password

This is a discussion on password within the C Programming forums, part of the General Programming Boards category; i just want to make program that accepts our string as password.but finally at the end that program will show ...

  1. #1
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    password

    i just want to make program that accepts our string as password.but finally at the end that program will show that password

  2. #2
    Code Goddess Prelude's Avatar
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    Well, good luck with that.
    My best code is written with the delete key.

  3. #3
    Gawking at stupidity
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    1) Make an attempt
    2) Show us the code
    3) Explain where you're stuck and what you've tried, what research you've done
    4) Receive help
    If you understand what you're doing, you're not learning anything.

  4. #4
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    As you wish, master.

    Code:
    #include <iostream.h>
    int main(void)
    {
        char *password;
        scanf("%s", password);
        if(password != "our string") printf("Not accepted!");
        /* end of program */
        else printf("that password");
        return 0;
    }
    Code:
    #include <stdio.h>
    
    void J(char*a){int f,i=0,c='1';for(;a[i]!='0';++i)if(i==81){
    puts(a);return;}for(;c<='9';++c){for(f=0;f<9;++f)if(a[i-i%27+i%9
    /3*3+f/3*9+f%3]==c||a[i%9+f*9]==c||a[i-i%9+f]==c)goto e;a[i]=c;J(a);a[i]
    ='0';e:;}}int main(int c,char**v){int t=0;if(c>1){for(;v[1][
    t];++t);if(t==81){J(v[1]);return 0;}}puts("sudoku [0-9]{81}");return 1;}

  5. #5
    and the hat of wrongness Salem's Avatar
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    I sure hope jafet is being ironic with that post...
    If you dance barefoot on the broken glass of undefined behaviour, you've got to expect the occasional cut.
    If at first you don't succeed, try writing your phone number on the exam paper.
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  6. #6
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    Quote Originally Posted by jafet
    Code:
    #include <iostream.h>
    Wrong library to be using with printf() and scanf(). Try stdio.h instead.

    Quote Originally Posted by jafet
    Code:
        char *password;
        scanf("%s", password);
    You need to either allocate memory to store the string, or store the string on the heap using a predefined array.

    Allocating to the stack:
    Code:
    char *szPassword = (char *)malloc(sizeof(char) * 256);
    // ..
    free(szPassword);
    Storing on the heap:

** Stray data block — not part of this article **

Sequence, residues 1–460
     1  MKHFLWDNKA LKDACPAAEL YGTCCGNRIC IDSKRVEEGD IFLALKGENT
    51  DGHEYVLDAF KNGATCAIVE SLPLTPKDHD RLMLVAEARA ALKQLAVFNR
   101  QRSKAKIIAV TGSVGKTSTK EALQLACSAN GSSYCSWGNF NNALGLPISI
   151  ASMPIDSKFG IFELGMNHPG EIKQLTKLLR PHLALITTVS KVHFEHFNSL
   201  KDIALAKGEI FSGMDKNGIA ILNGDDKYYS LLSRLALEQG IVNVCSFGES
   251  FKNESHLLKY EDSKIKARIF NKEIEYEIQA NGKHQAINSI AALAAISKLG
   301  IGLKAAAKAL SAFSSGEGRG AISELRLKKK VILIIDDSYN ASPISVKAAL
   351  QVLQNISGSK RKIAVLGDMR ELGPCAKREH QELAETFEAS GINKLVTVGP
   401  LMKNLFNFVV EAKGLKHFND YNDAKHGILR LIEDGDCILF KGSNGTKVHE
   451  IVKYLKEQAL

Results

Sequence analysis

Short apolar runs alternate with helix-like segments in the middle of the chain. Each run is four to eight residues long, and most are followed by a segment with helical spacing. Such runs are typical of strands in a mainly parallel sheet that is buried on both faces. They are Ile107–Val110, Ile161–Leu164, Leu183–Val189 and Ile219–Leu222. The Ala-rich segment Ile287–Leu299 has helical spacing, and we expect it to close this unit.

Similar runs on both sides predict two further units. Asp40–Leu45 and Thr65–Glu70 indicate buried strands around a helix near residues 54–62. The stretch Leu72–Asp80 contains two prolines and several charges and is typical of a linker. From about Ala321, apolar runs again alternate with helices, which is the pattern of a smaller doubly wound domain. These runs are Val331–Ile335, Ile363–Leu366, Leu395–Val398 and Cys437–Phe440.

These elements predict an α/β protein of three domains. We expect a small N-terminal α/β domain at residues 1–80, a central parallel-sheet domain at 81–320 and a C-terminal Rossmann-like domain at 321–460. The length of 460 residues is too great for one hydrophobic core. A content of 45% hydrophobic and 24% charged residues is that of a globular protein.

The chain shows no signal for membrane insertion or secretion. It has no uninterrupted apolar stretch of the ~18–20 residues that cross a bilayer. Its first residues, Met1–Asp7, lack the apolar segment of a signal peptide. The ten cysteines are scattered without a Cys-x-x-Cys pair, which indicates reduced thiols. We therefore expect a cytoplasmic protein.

Code:
    char szPassword[256];
    Quote Originally Posted by jafet
    [CODE]
    Code:
        if(password != "our string") printf("Not accepted!");
        /* end of program */
        else printf("that password");
    You cannot compare strings (which are arrays of characters) using ==, !=, >, <, or any combination of these. You must use the function strcmp() (or a variation), which returns 0 upon success.

    Code:
    if(strcmp(password, "our string") != 0) printf("Not accepted!");
    else printf("that password");
    "There are three kinds of people in the world...
    Those that can count and those that can't."

  7. #7
    Devil's Advocate SlyMaelstrom's Avatar
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    I think all of those errors were intentional, Okiesmokie.
    Sent from my iPadŽ

  8. #8
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    Quote Originally Posted by SlyMaelstrom
    I think all of those errors were intentional, Okiesmokie.
    x_x Thought that was the original poster replying to:
    1) Make an attempt
    2) Show us the code
    3) Explain where you're stuck and what you've tried, what research you've done
    4) Receive help
    What a waste of a long helpful post
    "There are three kinds of people in the world...
    Those that can count and those that can't."

  9. #9
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    thank you jafet

  10. #10
    Devil's Advocate SlyMaelstrom's Avatar
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    Quote Originally Posted by radhika
    thank you jafet
    Hmmm... did you even bother reading the other posts or did you just scan the whole thing for code you can steal?

    Oh well... he's probably long gone on his way to failing his programming project.
    Sent from my iPadŽ

  11. #11
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    Quote Originally Posted by Okiesmokie
    Allocating to the stack:
    Code:
    char *szPassword = (char *)malloc(sizeof(char) * 256);
    // ..
    free(szPassword);
    Storing on the heap:
    Code:
    char szPassword[256];
    You got that backwards by the way, the stack is used for predifined variables in code, dynamicly allocated memory is in the heap. Both of those use the stack, it's just that one is pointing to memory that is dynamicly allocated, the other is to part of the stack.
    If any part of my post is incorrect, please correct me.

    This post is not guarantied to be correct, and is not to be taken as a matter of fact, but of opinion or a guess, unless otherwise noted.

  12. #12
    Frequently Quite Prolix dwks's Avatar
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    Not to mention that you don't need to cast malloc() and that sizeof(char) is always 1.
    dwk

    Seek and ye shall find. quaere et invenies.

    "Simplicity does not precede complexity, but follows it." -- Alan Perlis
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